Information and support on Making Tax Digital (MTD) VAT which imposes new reporting and record keeping requirements from April 2019 and applies to all VAT registered traders from April 2022.
Since April 2019 VAT registered businesses and organisations with taxable turnover above the VAT threshold of £85,000 have been required to:
- Maintain their accounting records digitally in a software product or spreadsheet. Maintaining paper records no longer meets the requirements of the tax legislation.
- Submit their VAT returns to HMRC using a functional compatible software product that can access HMRC’s API (Application Program Interface) platform.
The requirements apply to all VAT registered traders from April 2022.
Businesses within scope need to acquire a suitable commercial software product or appoint an agent to submit returns to HMRC on their behalf.
HMRC’s online VAT return is available, only to businesses that are not within the scope of MTD VAT (businesses that have claimed a digital exclusion exemption).
No changes have been made to:
- VAT rules other than those relating to record keeping and filing.
- The amount of information submitted to HMRC; the VAT return contains the same nine boxes as before although the regulations do allow for additional information to be submitted on a voluntary basis.
- The current filing and payment deadlines for VAT.
Since April 2019, the MTD VAT requirements have applied to VAT registered businesses and organisations with taxable turnover above the VAT threshold of £85,000. This includes unincorporated businesses, partnerships, companies, limited liability partnerships, trusts, non-UK businesses registered for UK VAT and charities. VAT registered businesses with taxable turnover below the VAT threshold can opt in to MTD and file their VAT returns using MTD compatible software (about a third of them have done so).
From April 2022, MTD VAT requirements apply to all VAT registered traders.
A six-month deferral of the original start date, to 1 October 2019, applied to around 40,000 businesses which fell into one of the following categories:
- ‘not for profit’ organisations that are not companies (this includes some charities)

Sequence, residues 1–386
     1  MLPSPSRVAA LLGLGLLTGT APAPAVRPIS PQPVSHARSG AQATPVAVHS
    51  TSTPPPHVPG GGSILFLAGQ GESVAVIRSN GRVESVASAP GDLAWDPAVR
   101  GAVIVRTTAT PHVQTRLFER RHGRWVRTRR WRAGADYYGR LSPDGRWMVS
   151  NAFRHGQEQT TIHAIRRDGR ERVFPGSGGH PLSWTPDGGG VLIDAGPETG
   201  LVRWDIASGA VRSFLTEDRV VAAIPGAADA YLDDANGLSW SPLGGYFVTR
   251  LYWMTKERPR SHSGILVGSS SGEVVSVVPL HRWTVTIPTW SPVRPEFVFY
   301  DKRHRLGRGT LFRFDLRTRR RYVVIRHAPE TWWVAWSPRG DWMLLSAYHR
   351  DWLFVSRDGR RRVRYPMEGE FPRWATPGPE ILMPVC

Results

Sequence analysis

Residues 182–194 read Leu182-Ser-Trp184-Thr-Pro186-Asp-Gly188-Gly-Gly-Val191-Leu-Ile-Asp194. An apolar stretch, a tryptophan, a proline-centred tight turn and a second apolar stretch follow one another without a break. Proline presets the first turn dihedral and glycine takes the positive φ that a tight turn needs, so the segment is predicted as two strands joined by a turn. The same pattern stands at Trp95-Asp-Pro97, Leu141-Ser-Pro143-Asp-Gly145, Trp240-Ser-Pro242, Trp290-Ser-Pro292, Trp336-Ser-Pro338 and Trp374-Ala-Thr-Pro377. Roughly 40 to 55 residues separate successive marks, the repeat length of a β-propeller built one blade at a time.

- VAT divisions
- VAT groups (the deferral applies to the group registration only and not to any group companies that are not covered by the group registration)
- public sector entities that are required to provide additional information alongside their VAT return (such as Government departments and NHS Trusts)
- local authorities and public corporations
- traders based overseas
- those required to make payments on account
- annual accounting scheme users
HMRC wrote to all those in the deferred group, formally notifying them that their start date had been deferred.
MTD VAT services are available to all VAT registered traders except those that use the VAT GIANT (Government Information and NHS Trust) service. GIANT users are currently required to submit additional information with their VAT return. Due to an ongoing review by the government into VAT simplification in the public sector HMRC has further extended the deferral period for GIANT users; no start date has been set.
When to start and signing up
Businesses and organisations must keep digital records and submit VAT returns using functional compatible software from the start of their first VAT return period beginning:
- on or after 1 April 2019 if their taxable turnover is above the VAT threshold
- on or after 1 October 2019 if they are covered by the six-month deferral and
- on or after 1 April 2022 if taxable turnover has remained below the VAT threshold
The requirement for digital links between different pieces of software applied from 1 April 2021. There is no soft landing period for businesses that are required to join MTD VAT from April 2022.
Annual accounting and special VAT accounting periods continue to be available.
Each business needs to be individually signed-up to MTD VAT – HMRC does not automatically transfer businesses to MTD. HMRC's guidance on signing-up is available on Making Tax Digital for VAT.
Businesses do not have to comply with MTD if:
- it’s not reasonably practicable for them to use digital tools to keep business records or submit VAT returns because of age, disability, remoteness of location or for any other reason
- the business is subject to an insolvency procedure
- the business is run entirely by practising members of a religious society or order whose beliefs are incompatible with using electronic communications or keeping electronic records
These exemptions mirror the previous exemptions from online filing for VAT. Existing exemptions from online filing for VAT carry over automatically to MTD VAT and it is not necessary to reapply.
- The relevant HMRC guidance is included in Section 3 of the MTD VAT notice.
Applications can be made by phoning the VAT helpline on 0300 200 3700 or in writing to BT VAT, HM Revenue and Customs, BX9 1WR.
HMRC will notify taxpayers in writing of its decision and where the application is refused will include information on the right to appeal.
HMRC has confirmed that while a business is waiting for HMRC to respond to a request for exemption or for an appeal to be heard, the business can continue to file VAT returns as it does currently.
HMRC has declined to specify a particular age for exemption; each case will be considered on its merits.
Exemption on the grounds of disability applies where an individual cannot use a computer, tablet or smartphone with the frequency or for the amount of time it takes to keep digital records for the business.
Exemption on the grounds of location applies if a taxpayer cannot get internet access at their home or business premises and it is not reasonable to get internet access at another location. It does not apply to those who could obtain internet access but have chosen not to do so. HMRC accepts that it is not appropriate to use public computers (such as in a library) to comply with MTD.